Sunday, April 02, 2017 by Vicki Batts
If you thought the Flint, MI lead poisoning was bad, it turns out that numerous communities in California are even worse. Blood testing data gathered by Reuters has revealed that children from one Fresno community had blood lead levels up to three times higher than those seen in children from Flint.
Even though California is known for their staunch environmental advocacy, it appears that the Golden State is not immune to the hazards of lead. High rates of childhood lead poisoning have been observed in a number of Bay Area communities, along with downtown Los Angeles. In one area of Fresno, 13.6 percent of blood samples collected from children under the age of six revealed high levels of lead — compared to just 5 percent across the city of Flint, MI during the water contamination crisis.
Altogether, 29 Californian communities were found to have childhood lead poisoning rates that were at least as high as Flint’s.
California Assemblymember Bill Quirk, who chairs the state legislature’s Committee on Environmental Safety and Toxic Materials stated,“It’s a widespread problem and we have to get a better idea of where the sources of exposure are.”
As Reuters explains, other states provided the media outlet with testing results from all zip codes or census tracts. California, however, withheld data from areas where there were fewer than 250 children screened, stating that data from those areas would be “less reliable.” The available data included 400,000 children from 546 zip codes, which Reuters notes likely omits many neighborhoods where lead poisoning is still a serious issue, but not enough children were screened. Unsurprisingly, California’s Public Health Department claims that comparisons of their blood testing results to other states “aren’t warranted,” because the state tests children that they deem “at risk” of lead exposure. In areas affected by high levels of lead poisoning, government officials are at least taking action. Cities like Oakland and Emeryville have proposed ordinances and resolutions to help combat exposure to lead.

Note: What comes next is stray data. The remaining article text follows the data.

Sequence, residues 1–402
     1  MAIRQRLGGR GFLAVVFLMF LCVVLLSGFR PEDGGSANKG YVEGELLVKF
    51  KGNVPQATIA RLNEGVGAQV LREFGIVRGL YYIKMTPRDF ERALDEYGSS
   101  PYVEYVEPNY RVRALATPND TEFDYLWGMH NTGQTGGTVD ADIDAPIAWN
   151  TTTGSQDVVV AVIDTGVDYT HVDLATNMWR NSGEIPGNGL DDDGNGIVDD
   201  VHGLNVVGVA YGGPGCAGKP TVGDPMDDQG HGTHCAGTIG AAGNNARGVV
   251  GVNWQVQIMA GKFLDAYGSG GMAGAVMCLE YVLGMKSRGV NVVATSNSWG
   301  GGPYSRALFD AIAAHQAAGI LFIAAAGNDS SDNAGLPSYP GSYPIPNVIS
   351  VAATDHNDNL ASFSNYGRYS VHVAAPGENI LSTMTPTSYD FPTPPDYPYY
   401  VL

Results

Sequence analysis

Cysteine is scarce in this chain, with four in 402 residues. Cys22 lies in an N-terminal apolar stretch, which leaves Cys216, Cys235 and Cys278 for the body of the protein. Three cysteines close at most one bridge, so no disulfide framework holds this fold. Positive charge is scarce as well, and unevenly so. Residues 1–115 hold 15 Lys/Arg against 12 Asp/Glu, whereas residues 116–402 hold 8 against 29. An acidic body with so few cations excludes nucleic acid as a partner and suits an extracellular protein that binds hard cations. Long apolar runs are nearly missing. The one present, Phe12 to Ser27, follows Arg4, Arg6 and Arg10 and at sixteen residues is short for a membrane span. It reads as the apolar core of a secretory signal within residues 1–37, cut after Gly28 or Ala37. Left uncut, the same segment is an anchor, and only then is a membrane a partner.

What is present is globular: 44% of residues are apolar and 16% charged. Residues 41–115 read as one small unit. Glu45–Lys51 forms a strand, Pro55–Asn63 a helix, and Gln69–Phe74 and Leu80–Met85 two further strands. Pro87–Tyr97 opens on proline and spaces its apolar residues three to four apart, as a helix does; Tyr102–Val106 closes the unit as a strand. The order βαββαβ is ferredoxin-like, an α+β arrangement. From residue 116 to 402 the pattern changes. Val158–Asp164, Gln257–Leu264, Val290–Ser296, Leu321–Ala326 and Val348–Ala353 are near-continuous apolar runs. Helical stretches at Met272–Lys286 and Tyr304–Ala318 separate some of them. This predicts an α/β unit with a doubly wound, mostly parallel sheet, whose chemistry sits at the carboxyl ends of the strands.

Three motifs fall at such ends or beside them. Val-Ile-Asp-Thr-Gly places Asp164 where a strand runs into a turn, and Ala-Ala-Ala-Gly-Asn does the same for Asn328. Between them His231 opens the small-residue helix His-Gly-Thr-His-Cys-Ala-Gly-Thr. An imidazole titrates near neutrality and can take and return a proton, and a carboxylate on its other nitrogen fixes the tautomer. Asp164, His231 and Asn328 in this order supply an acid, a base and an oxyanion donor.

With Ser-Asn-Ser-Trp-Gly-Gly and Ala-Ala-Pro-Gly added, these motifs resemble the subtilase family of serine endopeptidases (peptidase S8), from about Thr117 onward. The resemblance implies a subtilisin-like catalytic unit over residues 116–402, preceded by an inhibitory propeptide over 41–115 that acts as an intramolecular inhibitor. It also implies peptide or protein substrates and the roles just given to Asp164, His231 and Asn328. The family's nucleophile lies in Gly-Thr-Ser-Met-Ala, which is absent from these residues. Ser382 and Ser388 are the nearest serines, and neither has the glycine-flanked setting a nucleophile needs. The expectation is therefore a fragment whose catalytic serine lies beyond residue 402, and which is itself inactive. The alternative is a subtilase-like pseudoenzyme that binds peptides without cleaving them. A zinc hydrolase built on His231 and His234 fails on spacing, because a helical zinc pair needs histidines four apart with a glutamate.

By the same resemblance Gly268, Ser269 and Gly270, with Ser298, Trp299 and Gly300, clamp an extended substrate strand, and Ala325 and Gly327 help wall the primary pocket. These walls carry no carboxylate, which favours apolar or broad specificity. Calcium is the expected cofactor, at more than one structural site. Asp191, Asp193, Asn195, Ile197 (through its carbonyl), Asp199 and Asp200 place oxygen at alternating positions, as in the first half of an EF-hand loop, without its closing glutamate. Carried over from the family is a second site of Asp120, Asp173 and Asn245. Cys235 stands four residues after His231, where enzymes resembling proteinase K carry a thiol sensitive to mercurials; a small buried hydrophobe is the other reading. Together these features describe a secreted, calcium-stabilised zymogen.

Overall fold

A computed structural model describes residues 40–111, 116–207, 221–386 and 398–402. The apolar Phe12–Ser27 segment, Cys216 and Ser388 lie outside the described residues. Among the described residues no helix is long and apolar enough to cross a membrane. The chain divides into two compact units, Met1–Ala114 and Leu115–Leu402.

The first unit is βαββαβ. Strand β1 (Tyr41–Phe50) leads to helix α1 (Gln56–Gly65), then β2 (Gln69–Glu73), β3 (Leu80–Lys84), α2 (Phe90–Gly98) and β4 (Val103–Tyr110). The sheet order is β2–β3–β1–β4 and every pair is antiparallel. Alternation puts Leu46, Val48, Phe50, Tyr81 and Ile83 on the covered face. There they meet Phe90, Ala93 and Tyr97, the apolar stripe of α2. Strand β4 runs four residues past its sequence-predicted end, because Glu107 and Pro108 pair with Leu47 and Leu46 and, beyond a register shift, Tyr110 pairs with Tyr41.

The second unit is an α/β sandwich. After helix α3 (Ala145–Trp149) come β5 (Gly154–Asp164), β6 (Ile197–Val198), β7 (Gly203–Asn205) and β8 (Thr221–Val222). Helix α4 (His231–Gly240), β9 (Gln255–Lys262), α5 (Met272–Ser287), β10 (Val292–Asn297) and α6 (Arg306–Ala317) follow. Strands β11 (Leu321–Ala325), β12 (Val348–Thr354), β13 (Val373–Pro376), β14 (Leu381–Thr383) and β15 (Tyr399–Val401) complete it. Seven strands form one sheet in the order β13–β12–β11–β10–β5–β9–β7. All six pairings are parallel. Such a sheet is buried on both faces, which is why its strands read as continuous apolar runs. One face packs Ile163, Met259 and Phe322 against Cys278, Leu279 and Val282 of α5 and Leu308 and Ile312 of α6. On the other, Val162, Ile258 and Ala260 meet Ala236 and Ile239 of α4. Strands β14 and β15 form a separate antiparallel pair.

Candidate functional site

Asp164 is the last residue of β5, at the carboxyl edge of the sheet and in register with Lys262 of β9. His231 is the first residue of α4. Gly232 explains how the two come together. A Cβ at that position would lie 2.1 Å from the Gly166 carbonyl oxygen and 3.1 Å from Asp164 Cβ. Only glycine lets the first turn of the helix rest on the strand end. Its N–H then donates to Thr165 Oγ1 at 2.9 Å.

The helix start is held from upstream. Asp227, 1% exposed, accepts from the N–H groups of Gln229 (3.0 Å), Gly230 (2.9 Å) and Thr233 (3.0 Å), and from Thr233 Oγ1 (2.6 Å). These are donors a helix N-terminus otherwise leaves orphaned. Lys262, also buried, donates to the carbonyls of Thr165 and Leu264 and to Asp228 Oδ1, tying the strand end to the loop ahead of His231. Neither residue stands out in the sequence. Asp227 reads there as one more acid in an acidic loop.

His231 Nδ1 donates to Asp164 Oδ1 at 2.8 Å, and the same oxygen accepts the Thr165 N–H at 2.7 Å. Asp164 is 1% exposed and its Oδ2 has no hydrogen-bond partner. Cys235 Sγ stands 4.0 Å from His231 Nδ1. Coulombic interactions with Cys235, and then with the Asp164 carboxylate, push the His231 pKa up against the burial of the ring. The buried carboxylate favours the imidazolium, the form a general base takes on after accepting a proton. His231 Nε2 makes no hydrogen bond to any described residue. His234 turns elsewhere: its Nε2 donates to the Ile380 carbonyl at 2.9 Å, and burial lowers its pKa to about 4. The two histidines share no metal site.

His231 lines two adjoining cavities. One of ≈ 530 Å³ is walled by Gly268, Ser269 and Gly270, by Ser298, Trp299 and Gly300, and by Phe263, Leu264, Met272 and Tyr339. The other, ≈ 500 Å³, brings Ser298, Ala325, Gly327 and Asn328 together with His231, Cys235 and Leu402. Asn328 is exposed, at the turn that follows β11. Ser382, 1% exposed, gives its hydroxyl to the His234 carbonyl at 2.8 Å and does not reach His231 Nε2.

Flint, Michigan made headlines when it was revealed that the municipal water supply had been poisoning the townspeople with lead. Childhood lead poisoning rates reached 5 percent in the area, and hearts went out to the community. But Flint is sadly not alone in their lead poisoning crisis, and the communities of California are not the only ones keeping it company. In fact, the Flint crisis is downright mild compared to the levels of lead some other communities have been afflicted with. Countless cities and towns across the United States are riddled with the toxic heavy metal: It’s in the soil, the water and many homes.
In 2016, Reuters discovered that there were some 3,000 communities in the US with childhood lead poisoning rates that were at least double that of what was seen in Flint. And over 1,000 of these communities exhibited elevated blood lead levels that were four times higher than those seen in Flint. For example, in Warren, Pennsylvania, a staggering 36 percent of the children tested had high blood lead levels. And in some areas of Baltimore, Cleveland and Philadelphia, the rate of high lead content in blood samples has reached between 40 and 50 percent within the last decade. (RELATED: Follow more news on heavy metals poisoning and contamination at METALS.news.)
Lead poisoning is a national problem. In children under the age of 6, the threshold for elevated blood lead levels is just 5 micrograms per liter. Because there is no safe level of exposure, even this seemingly small amount is enough to be damaging, especially to children.
Lead was once commonly used in fuel, household paint and plumbing materials, and is still often found in older buildings. Lead is a known neurotoxin, and children are especially susceptible to its effects. It can cause irreparable damage to almost all organ systems in the human body, but is most known for its ability to disrupt cognitive development and cause learning disabilities. The neurological effects of lead are generally the most immediate, but this does not mean that other ill effects cannot occur, even later in life. According to the Agency for Toxic Substances and Disease, childhood lead poisoning can contribute to other health issues later in life such as kidney issues, hypertension, reproductive difficulties and it can also affect the health of future offspring. So not only can lead poisoning harm children, it can set the stage for your children’s children to have health issues.